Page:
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Table 6:Distribution of patients with or without trauma-associated injuries thoracic

In Table 7. We see that the minimum Pleurostomy 75 patients (73.52%) was the most used treatment in thoracic trauma, followed by 15 patients (14.71%) non-surgical treatment. Table 8 refers to the complications of thoracic trauma. It shows that wound infection ranked first 14 patients (13.72%), without complications 60 patients (58.82%), reexpansion Pulmonary failure 10 patients (9.80%), 7 patients (6.86%) followed in coagulated hemothorax frequency, 6 patients pleural effusion (5.88%), inflammatory patients 3 patients (2.94%) and atelectasis 2 patients (1.96%). In Table 9. It is appreciated that in the patients the hospital stays prevailed from 5 to 10 days 45 cases (44.12%), followed in less than 5 days 40 cases (39.21%) and in more than 10 days 17 cases (16.67 %), of the total of 102 patients

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Table 7:Distribution of patients with thoracic trauma according to treatment used.

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Table 8: Distribution of patients with thoracic trauma according to complications.

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Table 9:Distribution of patients with thoracic trauma according to stay hospital.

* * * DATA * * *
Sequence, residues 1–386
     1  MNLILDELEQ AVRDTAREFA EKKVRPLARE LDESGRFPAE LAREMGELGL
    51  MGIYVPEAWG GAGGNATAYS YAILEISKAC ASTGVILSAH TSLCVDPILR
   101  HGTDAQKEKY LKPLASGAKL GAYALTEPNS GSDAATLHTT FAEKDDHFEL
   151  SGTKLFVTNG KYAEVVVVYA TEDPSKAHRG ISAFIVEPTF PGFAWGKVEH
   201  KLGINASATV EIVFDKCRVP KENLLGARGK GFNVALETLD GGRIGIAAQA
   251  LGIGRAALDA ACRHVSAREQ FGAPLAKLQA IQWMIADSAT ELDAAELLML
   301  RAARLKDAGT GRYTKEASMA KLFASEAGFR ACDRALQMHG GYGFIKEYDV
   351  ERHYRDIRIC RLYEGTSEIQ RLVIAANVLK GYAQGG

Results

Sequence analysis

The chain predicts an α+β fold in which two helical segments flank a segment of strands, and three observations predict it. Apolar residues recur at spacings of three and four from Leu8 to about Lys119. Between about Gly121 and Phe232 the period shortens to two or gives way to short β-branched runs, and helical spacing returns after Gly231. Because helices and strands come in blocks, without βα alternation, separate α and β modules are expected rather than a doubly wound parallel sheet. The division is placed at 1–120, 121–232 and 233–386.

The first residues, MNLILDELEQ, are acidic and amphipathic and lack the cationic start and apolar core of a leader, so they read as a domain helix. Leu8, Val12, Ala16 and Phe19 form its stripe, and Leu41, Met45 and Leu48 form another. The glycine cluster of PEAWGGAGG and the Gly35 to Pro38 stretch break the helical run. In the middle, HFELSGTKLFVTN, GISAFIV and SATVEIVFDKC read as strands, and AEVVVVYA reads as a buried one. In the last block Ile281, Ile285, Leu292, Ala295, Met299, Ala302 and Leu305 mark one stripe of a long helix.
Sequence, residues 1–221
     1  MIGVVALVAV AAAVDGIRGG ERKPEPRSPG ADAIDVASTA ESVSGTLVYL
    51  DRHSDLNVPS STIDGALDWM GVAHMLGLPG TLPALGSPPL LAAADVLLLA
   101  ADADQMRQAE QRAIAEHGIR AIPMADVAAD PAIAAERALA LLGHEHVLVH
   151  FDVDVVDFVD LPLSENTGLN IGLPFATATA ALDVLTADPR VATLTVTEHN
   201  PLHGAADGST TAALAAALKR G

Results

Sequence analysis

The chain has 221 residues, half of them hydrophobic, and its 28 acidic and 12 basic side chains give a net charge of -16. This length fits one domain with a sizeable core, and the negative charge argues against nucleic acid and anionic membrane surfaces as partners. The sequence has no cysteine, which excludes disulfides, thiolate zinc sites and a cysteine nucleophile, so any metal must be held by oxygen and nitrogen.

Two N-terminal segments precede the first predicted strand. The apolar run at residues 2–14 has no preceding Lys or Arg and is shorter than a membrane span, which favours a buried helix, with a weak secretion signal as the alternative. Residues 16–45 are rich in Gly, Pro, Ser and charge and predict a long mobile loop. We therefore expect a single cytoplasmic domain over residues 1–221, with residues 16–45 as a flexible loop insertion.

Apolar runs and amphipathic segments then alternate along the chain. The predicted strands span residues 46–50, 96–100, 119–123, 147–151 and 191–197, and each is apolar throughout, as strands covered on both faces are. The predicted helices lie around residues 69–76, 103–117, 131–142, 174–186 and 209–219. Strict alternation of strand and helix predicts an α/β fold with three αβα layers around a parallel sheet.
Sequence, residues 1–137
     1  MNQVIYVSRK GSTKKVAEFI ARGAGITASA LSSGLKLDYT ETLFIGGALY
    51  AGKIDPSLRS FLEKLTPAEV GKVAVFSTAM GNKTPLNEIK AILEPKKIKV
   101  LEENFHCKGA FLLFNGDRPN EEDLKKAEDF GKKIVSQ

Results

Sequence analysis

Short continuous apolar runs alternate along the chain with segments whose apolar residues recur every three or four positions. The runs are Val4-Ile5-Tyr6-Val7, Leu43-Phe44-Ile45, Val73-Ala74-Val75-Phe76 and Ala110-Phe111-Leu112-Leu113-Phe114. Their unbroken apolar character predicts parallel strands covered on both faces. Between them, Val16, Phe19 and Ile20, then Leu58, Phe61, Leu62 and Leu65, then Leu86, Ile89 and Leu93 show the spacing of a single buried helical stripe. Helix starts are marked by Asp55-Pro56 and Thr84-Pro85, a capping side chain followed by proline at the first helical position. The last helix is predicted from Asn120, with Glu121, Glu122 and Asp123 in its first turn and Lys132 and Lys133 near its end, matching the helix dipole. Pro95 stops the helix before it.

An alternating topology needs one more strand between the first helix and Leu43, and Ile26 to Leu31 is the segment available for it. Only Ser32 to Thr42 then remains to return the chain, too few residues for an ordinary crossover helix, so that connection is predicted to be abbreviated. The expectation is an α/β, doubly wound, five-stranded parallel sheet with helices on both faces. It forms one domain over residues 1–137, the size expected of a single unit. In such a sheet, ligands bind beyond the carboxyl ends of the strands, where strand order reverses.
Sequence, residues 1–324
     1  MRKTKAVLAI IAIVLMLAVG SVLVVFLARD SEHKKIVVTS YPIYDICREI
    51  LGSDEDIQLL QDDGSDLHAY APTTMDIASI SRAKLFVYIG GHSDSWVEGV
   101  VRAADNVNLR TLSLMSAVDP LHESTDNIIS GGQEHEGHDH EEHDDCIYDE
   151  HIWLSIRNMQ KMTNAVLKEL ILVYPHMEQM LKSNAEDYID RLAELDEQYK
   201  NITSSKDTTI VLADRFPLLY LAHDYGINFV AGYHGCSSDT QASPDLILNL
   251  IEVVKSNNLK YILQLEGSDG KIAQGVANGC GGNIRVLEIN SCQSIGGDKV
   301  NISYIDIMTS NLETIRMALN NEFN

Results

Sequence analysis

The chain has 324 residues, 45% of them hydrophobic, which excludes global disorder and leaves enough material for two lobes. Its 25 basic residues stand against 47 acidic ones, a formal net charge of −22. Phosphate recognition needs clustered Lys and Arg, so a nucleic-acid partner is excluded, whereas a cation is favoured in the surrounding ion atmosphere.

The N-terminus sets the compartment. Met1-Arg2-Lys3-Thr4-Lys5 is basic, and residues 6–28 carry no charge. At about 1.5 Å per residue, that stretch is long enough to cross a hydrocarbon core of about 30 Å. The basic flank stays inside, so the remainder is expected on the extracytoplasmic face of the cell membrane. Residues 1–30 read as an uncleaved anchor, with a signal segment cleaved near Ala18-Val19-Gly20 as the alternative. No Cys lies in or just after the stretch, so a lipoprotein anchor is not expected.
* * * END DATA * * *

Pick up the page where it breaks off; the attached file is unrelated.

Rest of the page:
Thoracic trauma classically occurs in young men with an average age less than 40 years explaining this because they are the most physically and economically active ages with the greatest social development [18]. In the present investigation the fourth predominated decade of life (25.49%), and also patients over 50 years since they were very incident falls as a cause of trauma, a result that differs from that obtained by Professor Jiménez, of the Sunday Luciani hospital in Caracas, Venezuela in which the thoracic trauma prevailed in the ages between 20 and 30 years. In a study carried out in Chile by Professor Bello, thoracic trauma was also found to be predominant at ages below those found in this work and also in a study carried out in Cienfuegos. [18-20] The male sex prevailed in the patients studied for being the most independent somebody and subjected to greater environmental noxes. All the national studies and hospitalizations reviewed coincide in the predominance in men. [21] The blunt trauma was the most frequent presentation, which coincides with most of the reviewed works. In different studies, mainly American and European, there is a predominance of blunt traumas, which reach up to 66-95.8%, produced by traffic accident by vehicle motorized and falls, being more frequent the penetrating injuries in Latin American countries, produced by knife and firearms. [22-24].